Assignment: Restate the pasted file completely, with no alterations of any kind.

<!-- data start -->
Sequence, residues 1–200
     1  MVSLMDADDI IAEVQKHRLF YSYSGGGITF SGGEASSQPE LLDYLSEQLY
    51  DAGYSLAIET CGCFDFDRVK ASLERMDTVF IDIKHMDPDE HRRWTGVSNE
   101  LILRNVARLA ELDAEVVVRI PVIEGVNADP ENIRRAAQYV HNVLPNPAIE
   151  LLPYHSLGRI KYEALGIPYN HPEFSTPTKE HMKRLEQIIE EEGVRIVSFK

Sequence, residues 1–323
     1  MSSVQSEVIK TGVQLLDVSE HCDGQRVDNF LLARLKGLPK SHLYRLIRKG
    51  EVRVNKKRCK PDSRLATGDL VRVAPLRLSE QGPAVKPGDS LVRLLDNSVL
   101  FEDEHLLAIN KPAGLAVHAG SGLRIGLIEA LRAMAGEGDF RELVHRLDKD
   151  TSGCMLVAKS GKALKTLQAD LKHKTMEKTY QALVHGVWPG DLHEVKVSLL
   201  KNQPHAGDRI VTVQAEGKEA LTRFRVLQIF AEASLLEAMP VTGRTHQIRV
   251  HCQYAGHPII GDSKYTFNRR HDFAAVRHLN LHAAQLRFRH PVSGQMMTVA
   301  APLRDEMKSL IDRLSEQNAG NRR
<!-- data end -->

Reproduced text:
Sequence, residues 1–200
     1  MVSLMDADDI IAEVQKHRLF YSYSGGGITF SGGEASSQPE LLDYLSEQLY
    51  DAGYSLAIET CGCFDFDRVK ASLERMDTVF IDIKHMDPDE HRRWTGVSNE
   101  LILRNVARLA ELDAEVVVRI PVIEGVNADP ENIRRAAQYV HNVLPNPAIE
   151  LLPYHSLGRI KYEALGIPYN HPEFSTPTKE HMKRLEQIIE EEGVRIVSFK

Sequence, residues 1–323
     1  MSSVQSEVIK TGVQLLDVSE HCDGQRVDNF LLARLKGLPK SHLYRLIRKG
    51  EVRVNKKRCK PDSRLATGDL VRVAPLRLSE QGPAVKPGDS LVRLLDNSVL
   101  FEDEHLLAIN KPAGLAVHAG SGLRIGLIEA LRAMAGEGDF RELVHRLDKD
   151  TSGCMLVAKS GKALKTLQAD LKHKTMEKTY QALVHGVWPG DLHEVKVSLL
   201  KNQPHAGDRI VTVQAEGKEA LTRFRVLQIF AEASLLEAMP VTGRTHQIRV
   251  HCQYAGHPII GDSKYTFNRR HDFAAVRHLN LHAAQLRFRH PVSGQMMTVA
   301  APLRDEMKSL IDRLSEQNAG NRR